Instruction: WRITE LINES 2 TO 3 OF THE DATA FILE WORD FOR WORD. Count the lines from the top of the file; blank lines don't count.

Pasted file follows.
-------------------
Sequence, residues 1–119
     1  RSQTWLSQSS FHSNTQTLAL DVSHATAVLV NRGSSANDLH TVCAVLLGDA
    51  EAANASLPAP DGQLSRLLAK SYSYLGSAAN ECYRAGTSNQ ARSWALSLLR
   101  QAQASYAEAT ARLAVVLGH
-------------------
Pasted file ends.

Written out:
     1  RSQTWLSQSS FHSNTQTLAL DVSHATAVLV NRGSSANDLH TVCAVLLGDA
    51  EAANASLPAP DGQLSRLLAK SYSYLGSAAN ECYRAGTSNQ ARSWALSLLR